The workshops are for all abilities. I set individuals their own challenges, according to what they want to experience and improve upon. I’ve led workshops where some members of the group have not known how to remove a lens cap, whilst others have been photographing wildlife professionally in Africa for the last twenty years.

A: Can you provide an example of a workshop exercise?

M: On a recent workshop in the Scottish Highlands – I set group the challenge of photographing a wild salmon, just as ileapt upstream from the river. It’s an incredible natural feat that lasts a few fractions of a second. We then reviewed everybody’s images at the end of the day.

In South America, this might equate to freezing a hummingbird, mid-flight, as it flits rapidly between flowers.Whilst in the Salt Flats of Uyuni, we might be photographing a motionless landscape under the light of the stars for 5 minutes. Anyone who photographs these two contrasting scenes, should come away confident enough to capture anything on earth.


A: Are there any differences between the two workshops?

MThere’s not really a difference between what you will be learned on these expeditions. For the Peru expedition we will be based out of Ollantaytambo, which will lend itself to capturing the unparalleled cultural and natural diversity of the region. You could argue, that that might be suited to a photographer who wants to document an array of people, Inca ruins and culture.

The Bolivia itinerary will visit more remote, off the beaten path, out of this world, destinations. Arguably, it’s an expedition for the more intrepid photographer who has an experimental or artistic style. The salt flat and cactus forest landscapes are like being on another planet.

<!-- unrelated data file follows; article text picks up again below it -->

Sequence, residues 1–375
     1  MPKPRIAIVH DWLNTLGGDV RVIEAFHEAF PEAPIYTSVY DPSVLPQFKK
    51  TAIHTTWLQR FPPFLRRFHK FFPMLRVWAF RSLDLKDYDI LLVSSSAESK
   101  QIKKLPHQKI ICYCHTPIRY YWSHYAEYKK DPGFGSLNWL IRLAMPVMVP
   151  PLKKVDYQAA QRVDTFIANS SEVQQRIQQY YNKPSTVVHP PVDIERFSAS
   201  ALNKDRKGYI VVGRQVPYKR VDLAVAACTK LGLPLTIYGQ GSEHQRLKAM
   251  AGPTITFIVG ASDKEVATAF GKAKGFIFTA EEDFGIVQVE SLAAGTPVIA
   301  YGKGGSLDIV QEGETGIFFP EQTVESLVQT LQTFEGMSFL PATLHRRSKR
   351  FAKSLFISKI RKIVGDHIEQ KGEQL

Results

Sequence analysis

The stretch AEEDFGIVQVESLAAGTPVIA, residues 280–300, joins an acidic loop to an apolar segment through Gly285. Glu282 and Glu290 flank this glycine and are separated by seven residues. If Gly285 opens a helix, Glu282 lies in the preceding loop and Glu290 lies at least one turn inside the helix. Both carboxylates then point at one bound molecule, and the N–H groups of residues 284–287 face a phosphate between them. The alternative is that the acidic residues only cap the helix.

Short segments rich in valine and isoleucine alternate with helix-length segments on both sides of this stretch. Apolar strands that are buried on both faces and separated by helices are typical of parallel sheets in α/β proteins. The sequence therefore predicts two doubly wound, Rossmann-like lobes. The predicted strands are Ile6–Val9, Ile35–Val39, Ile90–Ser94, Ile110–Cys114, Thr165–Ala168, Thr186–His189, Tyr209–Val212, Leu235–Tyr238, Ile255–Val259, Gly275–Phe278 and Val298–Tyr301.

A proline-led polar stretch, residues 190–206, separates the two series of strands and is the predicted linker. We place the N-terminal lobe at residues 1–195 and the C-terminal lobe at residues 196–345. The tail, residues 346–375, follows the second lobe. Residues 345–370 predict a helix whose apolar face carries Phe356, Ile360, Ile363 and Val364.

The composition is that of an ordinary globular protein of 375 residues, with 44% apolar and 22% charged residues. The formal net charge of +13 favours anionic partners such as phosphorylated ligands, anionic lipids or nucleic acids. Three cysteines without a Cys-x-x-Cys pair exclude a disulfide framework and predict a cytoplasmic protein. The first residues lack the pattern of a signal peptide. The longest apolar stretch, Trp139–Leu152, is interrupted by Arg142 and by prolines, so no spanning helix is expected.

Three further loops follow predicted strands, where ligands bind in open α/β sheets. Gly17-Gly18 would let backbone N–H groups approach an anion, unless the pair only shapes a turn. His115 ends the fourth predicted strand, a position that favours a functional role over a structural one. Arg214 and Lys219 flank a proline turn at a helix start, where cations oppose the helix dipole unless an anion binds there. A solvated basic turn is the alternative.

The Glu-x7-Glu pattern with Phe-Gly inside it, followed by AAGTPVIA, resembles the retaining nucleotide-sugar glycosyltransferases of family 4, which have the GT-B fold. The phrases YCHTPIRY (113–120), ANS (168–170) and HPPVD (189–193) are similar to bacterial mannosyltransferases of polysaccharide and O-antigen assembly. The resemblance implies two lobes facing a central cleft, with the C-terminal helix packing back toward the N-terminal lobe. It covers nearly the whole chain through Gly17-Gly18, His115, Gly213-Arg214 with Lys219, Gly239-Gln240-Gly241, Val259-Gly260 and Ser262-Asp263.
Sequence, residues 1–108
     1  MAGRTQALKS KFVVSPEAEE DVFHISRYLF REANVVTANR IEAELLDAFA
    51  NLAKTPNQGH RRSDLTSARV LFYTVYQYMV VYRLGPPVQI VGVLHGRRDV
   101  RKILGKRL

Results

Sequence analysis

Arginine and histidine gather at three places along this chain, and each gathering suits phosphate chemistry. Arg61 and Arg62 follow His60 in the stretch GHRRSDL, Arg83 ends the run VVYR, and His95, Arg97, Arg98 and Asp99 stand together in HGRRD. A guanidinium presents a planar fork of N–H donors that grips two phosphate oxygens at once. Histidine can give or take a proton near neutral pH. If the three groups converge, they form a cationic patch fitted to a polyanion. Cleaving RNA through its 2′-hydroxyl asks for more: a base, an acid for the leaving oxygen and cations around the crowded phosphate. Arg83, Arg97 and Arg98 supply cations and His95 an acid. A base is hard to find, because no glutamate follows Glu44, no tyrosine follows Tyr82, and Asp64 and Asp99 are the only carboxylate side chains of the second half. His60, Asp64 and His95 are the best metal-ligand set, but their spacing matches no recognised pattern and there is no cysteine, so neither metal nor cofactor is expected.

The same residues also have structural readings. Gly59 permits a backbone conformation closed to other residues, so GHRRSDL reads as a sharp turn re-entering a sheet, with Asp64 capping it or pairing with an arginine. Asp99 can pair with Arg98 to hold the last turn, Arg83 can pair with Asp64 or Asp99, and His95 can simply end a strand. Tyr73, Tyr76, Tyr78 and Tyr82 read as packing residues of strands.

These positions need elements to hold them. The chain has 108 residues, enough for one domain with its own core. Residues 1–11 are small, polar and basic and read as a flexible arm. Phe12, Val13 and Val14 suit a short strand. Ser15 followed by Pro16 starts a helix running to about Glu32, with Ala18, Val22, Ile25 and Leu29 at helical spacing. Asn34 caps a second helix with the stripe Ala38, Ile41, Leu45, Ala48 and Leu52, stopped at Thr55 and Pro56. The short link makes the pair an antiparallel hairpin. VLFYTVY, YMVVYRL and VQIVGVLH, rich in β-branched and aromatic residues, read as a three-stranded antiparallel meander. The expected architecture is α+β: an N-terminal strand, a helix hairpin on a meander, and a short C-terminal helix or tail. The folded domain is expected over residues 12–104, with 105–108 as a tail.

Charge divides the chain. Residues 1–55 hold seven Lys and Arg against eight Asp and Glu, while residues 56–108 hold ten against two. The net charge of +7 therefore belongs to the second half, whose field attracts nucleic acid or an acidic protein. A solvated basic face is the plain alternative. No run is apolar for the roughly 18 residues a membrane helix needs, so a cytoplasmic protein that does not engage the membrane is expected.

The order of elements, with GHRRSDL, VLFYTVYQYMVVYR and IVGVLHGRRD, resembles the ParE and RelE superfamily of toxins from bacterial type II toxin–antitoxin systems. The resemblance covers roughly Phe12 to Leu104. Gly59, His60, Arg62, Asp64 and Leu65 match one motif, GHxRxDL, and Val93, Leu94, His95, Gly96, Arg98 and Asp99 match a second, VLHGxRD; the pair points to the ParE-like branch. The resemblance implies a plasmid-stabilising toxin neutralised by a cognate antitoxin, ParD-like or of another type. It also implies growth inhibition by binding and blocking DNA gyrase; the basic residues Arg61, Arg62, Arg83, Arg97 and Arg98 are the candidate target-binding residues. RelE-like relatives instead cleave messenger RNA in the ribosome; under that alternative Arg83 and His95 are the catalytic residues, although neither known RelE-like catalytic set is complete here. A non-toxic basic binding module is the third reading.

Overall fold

A: What is the most memorable photo you’ve taken in this region of the world?

MOne that stands out in my mind is perhaps a lesson in improvisation. I had travelled to the top of Machu Picchu to stay there for one night, intent on capturing a beautiful nighttime panorama under the light of the full moon.

Unfortunately, clouds had obscured the moonlight and entire night sky. I was about to pack-up my equipment, when I heard the last workers-bus engine start. I ran over to the edge of the ruin, set up my tripod and got a picture of the headlights and brake lights winding their way down from the top to the valley below with a 15-minute exposure capturing the complete snaking descent. I managed to record this rare image and capture an alternative view of one of the most famous roads in the world.


A: What will people remember most about these expeditions?

M: They’ll remember standing alone among Inca ruins and immersed into authentic cultural environments. There will be moments of interactions with local people and sights never seen before. Having lived there half my life I can guarantee experiences that most visitors to the area would never get to see. Without local knowledge and connections – the locations that we’ll visit are not easily accessed – the expeditions will be a true adventure away from the obvious tourist sites and scenes.

Thank you for taking the time to talk with us, Max.

Itineraries for Max’s photography-workshop expeditions can be viewed via the links below. Group places are limited so please book your space now:

Uyuni salt flats photography workshop at Kachi Lodge; May 11 – 17 2020

Machu Picchu and Sacred Valley photography workshop; May 30 – 7 June 2020